PTFE Coatings
2008, Orion, Product

Applicator Tips for Precise Non-Stick Coatings

Today, the application of PTFE and other functional coatings has become precise and highly automated.

By Jeff Elliott

Known most commonly as a coating for non-stick pans, polytetrafluorethylene (PTFE) is offered in both liquid and powder forms. But its heat resistance, chemical inertness, excellent dielectric stability, and low coefficient of friction make it useful in other applications as well. This versatility applies to a variety of parts sizes and configurations manufactured from carbon steel, aluminum, stainless steel, alloys and other metals, as well as glass, fiberglass, some rubber, and plastic.

PTFE coatings can enhance performance and increase the value of products by creating functional surfaces that resolve issues such as friction, sticking, corrosion, noise, and abrasion.

Precise application

Today, the application of PTFE and other functional coatings has become precise and highly automated. Investment in production equipment and efforts to meet environmental regulations have led PTFE applicators to partner with companies that previously used to do the work in-house, or send it out to local applicators.

“In this industry, the non-stick finishes we provide are something the customer could do themselves by investing heavily in equipment to coat parts in-house," says George Osterhout of Orion Industries, one of the largest Chemours Licensed Applicators for PTFE coatings in North America.  

According to Osterhout, the difference in quality between applicators is usually defined by two primary factors: the proper and thorough pretreatment of parts prior to coating, and the ability to apply coatings as thin as 10 microns with little to no variance between parts with a tolerance of +/- 3 microns. 

To assure that level of precision, some applicators design and build their own production lines from the ground up.  These systems must be configured to accommodate a wide range of parts in different sizes and geometries.

Production of coated prototypes usually starts the application process. After finding the ideal coating solution and calculating the volume of the application, the company may create the custom tooling and the semi- or fully-automated machinery to meet the requirements for short-run to high-speed production.

Then, the surface must be prepared before spray coating.  Pretreatment lines may include automatic and manual grit blasting operations, along with large and medium tumble grit blasting machines and medium tumble blasters. Consistently pre-treating parts is necessary to optimize adhesion of each coating.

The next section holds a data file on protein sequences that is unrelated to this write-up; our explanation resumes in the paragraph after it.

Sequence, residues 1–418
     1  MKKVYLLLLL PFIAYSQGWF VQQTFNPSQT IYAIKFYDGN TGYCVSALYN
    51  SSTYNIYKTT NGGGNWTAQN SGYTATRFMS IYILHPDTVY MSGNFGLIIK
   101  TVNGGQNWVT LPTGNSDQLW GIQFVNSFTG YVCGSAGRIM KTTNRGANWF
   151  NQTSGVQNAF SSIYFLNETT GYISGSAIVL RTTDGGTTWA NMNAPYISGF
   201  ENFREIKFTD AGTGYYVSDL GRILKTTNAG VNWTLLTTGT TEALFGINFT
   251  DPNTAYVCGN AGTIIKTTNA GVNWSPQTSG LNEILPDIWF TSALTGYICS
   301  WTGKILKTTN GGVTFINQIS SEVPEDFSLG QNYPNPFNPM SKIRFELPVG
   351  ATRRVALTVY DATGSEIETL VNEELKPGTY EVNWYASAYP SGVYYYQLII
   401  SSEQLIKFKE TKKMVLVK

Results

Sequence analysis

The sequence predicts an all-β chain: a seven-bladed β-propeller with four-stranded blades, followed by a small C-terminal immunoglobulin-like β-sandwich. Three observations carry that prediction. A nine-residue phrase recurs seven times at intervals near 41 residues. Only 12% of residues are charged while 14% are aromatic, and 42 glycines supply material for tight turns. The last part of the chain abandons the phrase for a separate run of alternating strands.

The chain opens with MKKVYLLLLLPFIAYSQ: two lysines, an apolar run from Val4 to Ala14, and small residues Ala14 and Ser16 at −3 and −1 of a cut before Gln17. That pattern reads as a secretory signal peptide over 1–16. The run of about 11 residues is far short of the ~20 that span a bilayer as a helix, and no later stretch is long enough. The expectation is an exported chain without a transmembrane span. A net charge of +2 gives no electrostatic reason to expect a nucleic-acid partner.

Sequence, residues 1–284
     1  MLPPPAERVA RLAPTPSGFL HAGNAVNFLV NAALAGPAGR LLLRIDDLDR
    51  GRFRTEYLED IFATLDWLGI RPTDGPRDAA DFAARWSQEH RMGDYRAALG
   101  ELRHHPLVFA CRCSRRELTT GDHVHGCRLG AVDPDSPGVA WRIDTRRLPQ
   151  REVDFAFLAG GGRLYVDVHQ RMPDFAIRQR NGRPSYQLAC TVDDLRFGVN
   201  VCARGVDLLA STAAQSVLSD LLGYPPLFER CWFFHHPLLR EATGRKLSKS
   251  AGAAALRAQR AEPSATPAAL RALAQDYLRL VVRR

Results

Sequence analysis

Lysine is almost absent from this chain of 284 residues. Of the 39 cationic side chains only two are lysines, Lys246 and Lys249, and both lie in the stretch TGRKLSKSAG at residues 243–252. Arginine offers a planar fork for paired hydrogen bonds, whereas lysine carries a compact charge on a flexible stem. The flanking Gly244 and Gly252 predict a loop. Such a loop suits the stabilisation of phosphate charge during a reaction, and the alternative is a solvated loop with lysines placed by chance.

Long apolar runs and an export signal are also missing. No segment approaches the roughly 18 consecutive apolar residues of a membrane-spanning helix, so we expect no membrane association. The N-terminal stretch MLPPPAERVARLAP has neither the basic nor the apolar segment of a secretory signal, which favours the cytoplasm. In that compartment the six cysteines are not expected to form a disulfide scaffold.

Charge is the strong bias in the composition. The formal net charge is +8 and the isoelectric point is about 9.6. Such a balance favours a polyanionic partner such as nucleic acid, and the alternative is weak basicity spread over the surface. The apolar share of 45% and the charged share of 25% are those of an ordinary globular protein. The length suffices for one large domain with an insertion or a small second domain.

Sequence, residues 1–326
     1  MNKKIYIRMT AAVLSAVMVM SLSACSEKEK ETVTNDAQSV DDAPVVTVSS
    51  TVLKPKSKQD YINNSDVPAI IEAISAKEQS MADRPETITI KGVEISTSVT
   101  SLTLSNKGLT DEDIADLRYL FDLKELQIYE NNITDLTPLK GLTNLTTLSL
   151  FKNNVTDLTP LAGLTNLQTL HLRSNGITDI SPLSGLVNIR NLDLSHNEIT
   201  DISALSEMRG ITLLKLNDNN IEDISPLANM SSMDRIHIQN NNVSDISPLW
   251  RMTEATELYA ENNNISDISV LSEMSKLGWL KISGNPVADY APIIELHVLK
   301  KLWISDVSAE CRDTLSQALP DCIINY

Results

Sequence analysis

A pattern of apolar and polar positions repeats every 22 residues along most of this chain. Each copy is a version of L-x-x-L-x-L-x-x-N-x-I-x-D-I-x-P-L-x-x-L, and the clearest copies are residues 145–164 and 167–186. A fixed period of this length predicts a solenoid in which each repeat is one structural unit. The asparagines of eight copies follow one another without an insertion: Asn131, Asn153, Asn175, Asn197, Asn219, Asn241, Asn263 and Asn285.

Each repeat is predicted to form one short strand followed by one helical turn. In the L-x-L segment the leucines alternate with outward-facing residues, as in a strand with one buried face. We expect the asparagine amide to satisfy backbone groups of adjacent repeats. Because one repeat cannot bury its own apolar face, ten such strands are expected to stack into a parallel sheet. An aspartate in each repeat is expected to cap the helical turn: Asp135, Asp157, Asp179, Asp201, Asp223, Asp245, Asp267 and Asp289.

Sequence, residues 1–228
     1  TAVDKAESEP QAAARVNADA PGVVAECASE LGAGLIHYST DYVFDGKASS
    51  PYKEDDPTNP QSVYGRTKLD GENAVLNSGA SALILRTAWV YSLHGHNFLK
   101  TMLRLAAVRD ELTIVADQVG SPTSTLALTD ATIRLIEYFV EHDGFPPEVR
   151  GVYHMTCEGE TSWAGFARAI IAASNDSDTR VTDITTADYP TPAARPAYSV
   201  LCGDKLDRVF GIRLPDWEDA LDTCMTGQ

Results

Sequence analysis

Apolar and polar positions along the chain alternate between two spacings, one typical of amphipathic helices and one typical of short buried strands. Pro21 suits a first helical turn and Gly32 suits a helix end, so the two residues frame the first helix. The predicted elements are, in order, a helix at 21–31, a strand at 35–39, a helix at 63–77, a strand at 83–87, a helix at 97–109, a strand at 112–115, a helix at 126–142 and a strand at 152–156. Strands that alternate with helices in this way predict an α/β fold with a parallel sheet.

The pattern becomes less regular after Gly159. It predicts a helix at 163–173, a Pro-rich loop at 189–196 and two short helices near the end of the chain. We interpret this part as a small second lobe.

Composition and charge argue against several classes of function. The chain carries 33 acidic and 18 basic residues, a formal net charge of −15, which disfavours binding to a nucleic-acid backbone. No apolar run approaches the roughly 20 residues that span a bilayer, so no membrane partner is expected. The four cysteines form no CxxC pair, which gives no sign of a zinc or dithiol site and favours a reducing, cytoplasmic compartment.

In turn, systems must be designed to deliver precise metering of spray coatings.  Controls should achieve consistent application within tight tolerances and with very little overspray to save on material costs. 

“Through precise control of the coatings, the customer knows each part will be virtually identical [within less than 1% variance] to the one produced before or after,” says Osterhout.

The parts then travel through an oven for curing. Infrared ovens with convection air tend to take up to 1/3rd the curing time of gas ovens. For PTFE, curing should be at temperatures up to 850ºF.

Low friction coatings for silicone rubber

Some manufacturers develop their own line of coatings to change the coefficient of friction or reduce collection of dust or dirt on finished coated surfaces. As for silicone rubber, which is widely used for tubes, seals, and rollers, the material is tacky and can cling to any object it comes in contact with – even other silicone surfaces.  This is due to the materials high friction coefficient, which can exceed 1.0.

Dry film lubricants

Typically engineers are schooled in oil or grease-based lubrication techniques, but not nearly as much time or attention is spent on dry film lubricants. 

Unlike oil and grease that can migrate away, dry film lubricants continue to transfer back and forth on the mating surfaces and stay in place for a much longer time.  Also, dry film coatings serve as a thin cushion, spreading high point loads in bearings and reducing element fatigue. 

For this, graphite and molybdenum disulfide (Moly) are often used.  Moly-disulfide coatings are recommended for conditions of heavy wear, particularly high-load situations.  This includes bearing-type applications where one part rolls or slides over another part.  Graphite coatings are generally used in wet service or at elevated temperatures. 

PTFE can also serve a dry film lubricant, though typically for light to moderate applications. PTFE is often incorporated with Moly and graphite into unique formulations.

To learn more about the coating industry, contact Orion Industries at (773) 282-9100, e-mail [email protected] or visit www.orioncoat.com.

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